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FDA approves Zykadia for late-stage lung cancer

Published on 30/04/14 at 09:20am
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Novartis’ ‘breakthrough’ drug Zykadia has been approved by the FDA to treat lung cancer patients with a particular genetic mutation.

The US regulator allowed Zykadia (ceritinib) to be approved under an accelerated programme, which has seen the drug hit the market four months quicker than originally expected.

Zykadia now has a US licence for patients with late-stage (metastatic) non-small cell lung cancer (NSCLC) who over-express a certain genetic mutation, known as anaplastic lymphoma kinase (ALK).

Specifically, it works as an ALK tyrosine kinase inhibitor that blocks certain proteins which promote the development of cancerous cells. Its focus will be on a small sub-population as only round 1-7% of patients express the ALK gene, and this mutation is normally associated with non-smokers.

It is also intended as a second-line treatment and can only be used for patients who have failed on Pfizer’s lung cancer treatment Xalkori (crizotinib), the only other approved ALK tyrosine kinase inhibitor.

Pfizer’s drug has proven effective as a first-line treatment, but some patients become resistant to the treatment - a common problem for many oncology products.

Novartis’ new drug will fill the role of helping those patients who are no longer benefiting from Xalkori, and will most likely be seeking a first-line approval in the future, given the greater revenue potential.

Xalkori saw sales of $350 million last year, but analysts at Cowen and Co have predicted the medicine could generate annual peak sales of around $1 billion by 2020, putting it into the blockbuster bracket.

Analysts’ predictions on Novartis’ new medicine put the drug making around $350 million in peak annual sales, but will struggle to gain as much traction as Xalkori, given its current treatment setting.

“Zykadia represents an important treatment option for ALK+ NSCLC patients who relapse after starting initial therapy with crizotinib,” says lead investigator Alice Shaw of the Massachusetts General Hospital Cancer Center, Boston.

“This approval will affect the way we manage and monitor patients with this type of lung cancer, as we will now be able to offer them the opportunity for continued treatment response with a new ALK inhibitor.”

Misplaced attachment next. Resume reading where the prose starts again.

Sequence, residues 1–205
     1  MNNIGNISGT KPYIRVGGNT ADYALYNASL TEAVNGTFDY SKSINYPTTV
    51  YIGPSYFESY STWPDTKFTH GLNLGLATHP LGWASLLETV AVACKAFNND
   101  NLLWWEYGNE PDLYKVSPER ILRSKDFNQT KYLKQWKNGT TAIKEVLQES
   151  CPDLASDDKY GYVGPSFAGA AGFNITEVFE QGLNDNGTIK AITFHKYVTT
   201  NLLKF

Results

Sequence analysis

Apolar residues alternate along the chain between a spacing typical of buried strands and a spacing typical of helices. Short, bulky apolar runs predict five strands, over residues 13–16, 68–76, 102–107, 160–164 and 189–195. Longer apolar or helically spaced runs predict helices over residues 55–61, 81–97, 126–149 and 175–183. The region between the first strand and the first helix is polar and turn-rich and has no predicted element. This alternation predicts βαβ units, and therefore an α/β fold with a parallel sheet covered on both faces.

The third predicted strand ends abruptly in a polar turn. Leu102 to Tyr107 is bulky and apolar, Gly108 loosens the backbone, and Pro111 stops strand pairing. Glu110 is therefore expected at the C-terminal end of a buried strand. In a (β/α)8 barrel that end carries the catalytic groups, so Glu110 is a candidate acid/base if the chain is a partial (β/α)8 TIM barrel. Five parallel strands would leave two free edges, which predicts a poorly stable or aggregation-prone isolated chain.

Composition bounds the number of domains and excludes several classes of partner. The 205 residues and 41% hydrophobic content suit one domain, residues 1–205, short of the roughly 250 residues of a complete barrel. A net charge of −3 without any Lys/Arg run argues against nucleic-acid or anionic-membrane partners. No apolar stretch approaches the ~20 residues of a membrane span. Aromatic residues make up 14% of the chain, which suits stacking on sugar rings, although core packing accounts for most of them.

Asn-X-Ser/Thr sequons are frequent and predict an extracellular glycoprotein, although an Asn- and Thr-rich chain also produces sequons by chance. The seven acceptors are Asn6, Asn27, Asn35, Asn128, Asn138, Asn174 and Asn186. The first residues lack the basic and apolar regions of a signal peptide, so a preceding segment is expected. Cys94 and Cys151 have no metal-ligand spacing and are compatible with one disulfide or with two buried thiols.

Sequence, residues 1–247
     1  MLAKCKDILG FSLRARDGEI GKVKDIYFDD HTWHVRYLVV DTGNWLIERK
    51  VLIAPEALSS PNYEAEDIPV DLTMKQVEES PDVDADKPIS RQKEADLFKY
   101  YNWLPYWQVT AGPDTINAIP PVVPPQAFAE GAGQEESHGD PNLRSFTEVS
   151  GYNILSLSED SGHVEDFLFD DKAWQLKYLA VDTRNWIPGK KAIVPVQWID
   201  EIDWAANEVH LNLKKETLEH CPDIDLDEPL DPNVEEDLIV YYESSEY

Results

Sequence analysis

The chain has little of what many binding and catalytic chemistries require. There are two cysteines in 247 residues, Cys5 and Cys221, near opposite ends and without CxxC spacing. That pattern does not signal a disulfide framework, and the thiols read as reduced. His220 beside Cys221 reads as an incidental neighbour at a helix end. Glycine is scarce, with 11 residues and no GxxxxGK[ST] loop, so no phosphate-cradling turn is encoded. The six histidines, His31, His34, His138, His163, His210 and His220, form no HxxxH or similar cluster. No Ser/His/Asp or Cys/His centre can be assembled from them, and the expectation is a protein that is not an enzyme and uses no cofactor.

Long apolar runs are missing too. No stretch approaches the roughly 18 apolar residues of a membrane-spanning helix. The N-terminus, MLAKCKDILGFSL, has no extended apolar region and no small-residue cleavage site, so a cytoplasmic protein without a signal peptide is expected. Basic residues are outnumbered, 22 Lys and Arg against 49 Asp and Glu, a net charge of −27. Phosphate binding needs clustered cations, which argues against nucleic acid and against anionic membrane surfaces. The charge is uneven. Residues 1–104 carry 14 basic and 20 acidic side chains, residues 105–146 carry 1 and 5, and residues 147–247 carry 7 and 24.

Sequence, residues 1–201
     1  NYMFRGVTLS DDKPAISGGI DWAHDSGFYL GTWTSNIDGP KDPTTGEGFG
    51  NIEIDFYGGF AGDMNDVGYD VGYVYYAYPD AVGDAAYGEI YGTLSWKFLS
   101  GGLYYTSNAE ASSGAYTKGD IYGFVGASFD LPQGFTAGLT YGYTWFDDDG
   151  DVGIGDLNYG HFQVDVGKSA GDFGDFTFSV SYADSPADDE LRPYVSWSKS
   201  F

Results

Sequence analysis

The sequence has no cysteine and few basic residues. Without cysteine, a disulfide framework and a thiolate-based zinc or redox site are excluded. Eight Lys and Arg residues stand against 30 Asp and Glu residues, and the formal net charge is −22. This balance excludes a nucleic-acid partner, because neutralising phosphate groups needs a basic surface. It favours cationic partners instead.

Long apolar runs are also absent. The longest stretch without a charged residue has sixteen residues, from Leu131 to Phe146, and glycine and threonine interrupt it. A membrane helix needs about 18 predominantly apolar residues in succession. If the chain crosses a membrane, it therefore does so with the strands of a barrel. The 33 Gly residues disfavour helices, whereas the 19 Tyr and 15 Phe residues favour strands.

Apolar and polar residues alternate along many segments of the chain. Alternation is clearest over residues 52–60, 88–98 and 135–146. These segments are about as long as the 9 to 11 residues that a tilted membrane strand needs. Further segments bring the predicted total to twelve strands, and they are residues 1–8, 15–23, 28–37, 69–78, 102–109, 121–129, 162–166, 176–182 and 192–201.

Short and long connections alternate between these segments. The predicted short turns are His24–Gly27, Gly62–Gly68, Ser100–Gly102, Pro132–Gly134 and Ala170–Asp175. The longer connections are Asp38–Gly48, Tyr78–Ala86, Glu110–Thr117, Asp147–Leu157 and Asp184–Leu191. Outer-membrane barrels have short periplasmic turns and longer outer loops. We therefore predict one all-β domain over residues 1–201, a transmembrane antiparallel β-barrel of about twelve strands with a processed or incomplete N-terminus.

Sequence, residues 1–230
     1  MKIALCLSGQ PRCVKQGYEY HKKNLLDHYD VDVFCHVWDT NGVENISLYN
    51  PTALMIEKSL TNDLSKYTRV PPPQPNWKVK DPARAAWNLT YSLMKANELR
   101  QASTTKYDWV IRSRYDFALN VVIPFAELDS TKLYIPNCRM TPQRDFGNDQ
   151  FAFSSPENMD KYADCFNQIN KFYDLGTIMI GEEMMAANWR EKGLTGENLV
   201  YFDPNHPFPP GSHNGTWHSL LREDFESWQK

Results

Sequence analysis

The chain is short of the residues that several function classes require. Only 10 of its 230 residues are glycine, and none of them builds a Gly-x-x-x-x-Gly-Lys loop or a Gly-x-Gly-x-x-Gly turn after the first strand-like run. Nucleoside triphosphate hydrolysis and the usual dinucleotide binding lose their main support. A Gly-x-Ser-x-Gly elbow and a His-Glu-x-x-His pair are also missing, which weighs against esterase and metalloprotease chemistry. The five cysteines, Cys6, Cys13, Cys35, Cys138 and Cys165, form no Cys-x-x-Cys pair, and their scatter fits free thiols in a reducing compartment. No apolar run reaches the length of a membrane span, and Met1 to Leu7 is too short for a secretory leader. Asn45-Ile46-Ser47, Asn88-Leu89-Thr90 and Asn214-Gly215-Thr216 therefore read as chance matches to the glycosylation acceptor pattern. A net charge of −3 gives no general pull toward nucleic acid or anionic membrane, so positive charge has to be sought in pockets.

The drug has also been sent to the European Medicines Agency, and Novartis is now awaiting a decision from the EU regulator.

Speedy review

The FDA is approving Zykadia under the agency’s accelerated approval programme, which allows authorisation of a drug to treat a serious or life-threatening disease, based on clinical data showing the drug has an effect on a surrogate endpoint reasonably likely to predict clinical benefit to patients.

This programme provides earlier patient access to promising new drugs while the company conducts additional clinical trials to prove its longer term efficacy.

“The approval of Zykadia less than three and a half years after the first patient entered our clinical trial exemplifies what is possible with a highly focussed approach to drug development and strong collaboration,” says Alessandro Riva, president of Novartis Oncology.

“The dedication of clinical investigators, patients, the FDA and others has enabled us to bring this medicine to patients in need as swiftly as possible.”

Zykadia is the fourth drug with breakthrough therapy designation to receive FDA approval. Its most recent data were gleaned from a clinical trial of 163 participants with metastatic ALK-positive NSCLC.

All participants were treated with the drug and results showed that about half of the participants had their tumours shrink, and that this effect lasted an average of about seven months.

Lung cancer is the leading cause of cancer-related deaths among men and women. According to the National Cancer Institute, an estimated 224,210 Americans will be diagnosed with lung cancer, and 159,260 will die from the disease this year.

About 85% of lung cancers are NSCLC, making it the most common type of lung cancer.

Ben Adams 

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